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Move It, Soldier!

(Common sense from Uncle Sam.)

Few organizations move as fast – or as often – as the U.S. military. Last year, for example, the army closed a base in St. Louis and reassigned 2,000 soldiers and civilian employees. Dan Buchner, a senior analyst for CAS Inc., a support-services contractor, moved to Huntsville, Alabama.

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Though he paid close attention to the army’s official advice on moving, the best direction he received came from an unofficial source – an email memo that circulated around the St. Louis base. No one knows who wrote it or when. But the memo captures lots of commonsense wisdom, based on “20 years of moving in the army.”

Here are edited excerpts.

Before the Move

1. Start going through your belongings to determine what you can live without, and get rid of it. Consider donating items like clothing and toys to homeless shelters.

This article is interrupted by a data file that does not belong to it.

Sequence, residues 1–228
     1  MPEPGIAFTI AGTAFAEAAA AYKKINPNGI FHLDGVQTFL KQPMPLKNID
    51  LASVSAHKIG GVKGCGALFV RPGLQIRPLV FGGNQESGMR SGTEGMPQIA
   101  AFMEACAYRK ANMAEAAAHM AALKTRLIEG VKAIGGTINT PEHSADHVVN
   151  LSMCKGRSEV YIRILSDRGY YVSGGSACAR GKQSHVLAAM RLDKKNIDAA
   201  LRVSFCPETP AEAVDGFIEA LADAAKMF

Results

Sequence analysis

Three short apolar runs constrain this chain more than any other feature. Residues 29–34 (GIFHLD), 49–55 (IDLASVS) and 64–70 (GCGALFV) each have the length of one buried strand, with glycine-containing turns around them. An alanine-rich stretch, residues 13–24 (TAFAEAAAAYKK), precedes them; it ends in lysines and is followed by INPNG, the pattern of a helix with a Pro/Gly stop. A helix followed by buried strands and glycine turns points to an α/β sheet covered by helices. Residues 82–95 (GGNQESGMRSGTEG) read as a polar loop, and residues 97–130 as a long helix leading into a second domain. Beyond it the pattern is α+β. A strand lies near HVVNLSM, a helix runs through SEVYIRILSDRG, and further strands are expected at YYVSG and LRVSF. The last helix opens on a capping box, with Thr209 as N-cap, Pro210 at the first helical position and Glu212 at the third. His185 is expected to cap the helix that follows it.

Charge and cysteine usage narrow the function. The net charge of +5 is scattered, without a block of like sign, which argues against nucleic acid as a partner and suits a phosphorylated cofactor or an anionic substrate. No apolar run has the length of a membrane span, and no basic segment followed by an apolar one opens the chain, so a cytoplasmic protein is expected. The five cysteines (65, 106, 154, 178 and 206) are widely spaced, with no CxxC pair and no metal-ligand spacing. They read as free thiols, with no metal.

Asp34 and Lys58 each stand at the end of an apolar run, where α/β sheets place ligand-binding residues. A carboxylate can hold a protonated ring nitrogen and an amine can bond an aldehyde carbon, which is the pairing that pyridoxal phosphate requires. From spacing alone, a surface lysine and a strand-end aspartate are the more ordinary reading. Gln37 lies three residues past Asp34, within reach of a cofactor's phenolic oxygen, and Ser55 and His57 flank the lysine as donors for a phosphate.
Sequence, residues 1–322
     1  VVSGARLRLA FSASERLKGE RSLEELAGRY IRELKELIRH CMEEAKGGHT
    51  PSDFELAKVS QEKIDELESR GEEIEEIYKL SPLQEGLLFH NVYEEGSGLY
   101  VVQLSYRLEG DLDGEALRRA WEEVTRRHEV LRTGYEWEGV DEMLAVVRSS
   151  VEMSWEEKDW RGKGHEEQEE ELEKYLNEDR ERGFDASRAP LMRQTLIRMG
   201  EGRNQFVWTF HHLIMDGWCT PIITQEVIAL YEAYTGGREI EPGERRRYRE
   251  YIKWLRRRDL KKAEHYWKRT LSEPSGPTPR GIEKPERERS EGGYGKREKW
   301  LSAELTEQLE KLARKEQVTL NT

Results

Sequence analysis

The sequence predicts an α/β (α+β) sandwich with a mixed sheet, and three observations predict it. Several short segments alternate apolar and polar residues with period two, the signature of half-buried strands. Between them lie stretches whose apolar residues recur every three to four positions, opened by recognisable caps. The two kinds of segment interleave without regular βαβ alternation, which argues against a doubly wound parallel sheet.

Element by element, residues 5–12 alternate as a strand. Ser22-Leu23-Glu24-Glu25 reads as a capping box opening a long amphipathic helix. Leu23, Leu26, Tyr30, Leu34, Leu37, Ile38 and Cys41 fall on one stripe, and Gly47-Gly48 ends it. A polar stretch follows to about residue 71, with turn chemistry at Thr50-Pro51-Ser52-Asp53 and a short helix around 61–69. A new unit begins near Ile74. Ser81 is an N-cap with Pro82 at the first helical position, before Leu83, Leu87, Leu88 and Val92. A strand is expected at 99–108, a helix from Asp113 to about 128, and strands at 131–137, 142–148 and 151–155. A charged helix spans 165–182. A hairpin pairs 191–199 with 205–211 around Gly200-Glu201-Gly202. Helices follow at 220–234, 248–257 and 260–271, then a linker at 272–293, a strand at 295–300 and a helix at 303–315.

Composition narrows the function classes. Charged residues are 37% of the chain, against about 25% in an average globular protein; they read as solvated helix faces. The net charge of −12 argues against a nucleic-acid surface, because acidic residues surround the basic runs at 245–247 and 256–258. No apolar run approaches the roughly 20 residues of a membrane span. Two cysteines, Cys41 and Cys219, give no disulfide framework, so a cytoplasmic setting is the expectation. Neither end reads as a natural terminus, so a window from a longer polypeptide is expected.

2. Start a household-goods inventory. You should also videotape your possessions. This could prove useful if you have to file a claim for damages after the move. If you have a lot of antiques, you should have them appraised.

3. Make an inventory of the items in each room. A couple days before the movers are scheduled to pack your goods, you may want to organize the items in each room in such a manner that the movers can simply come in the room and begin packing.

4. Designate a “safe room,” where you can put items you don’t want moved.

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5. Don’t plan on getting much sleep the night before the move.

During the Move

6. When the movers arrive, do a walk-through of your house to show them where everything is, especially the “safe room.”

7. Try to get the first and last names of everyone in the crew. If they do a good job, write the moving company a letter.

8. After everything is packed and loaded on the truck, do at least two walks through the house to make sure nothing was forgotten.

After the Move

9. When the movers arrive at the new location, do a walk-through and explain where you want things to go. Make sure they know what you mean when you say “master bedroom,” or “linen closet.” You might even want to post a sign on each room.

10. It’s best not to have the movers unpack, since it’s a hassle to file claims on things they might break. Unpack what you need for the night, and finish the job yourself the next day.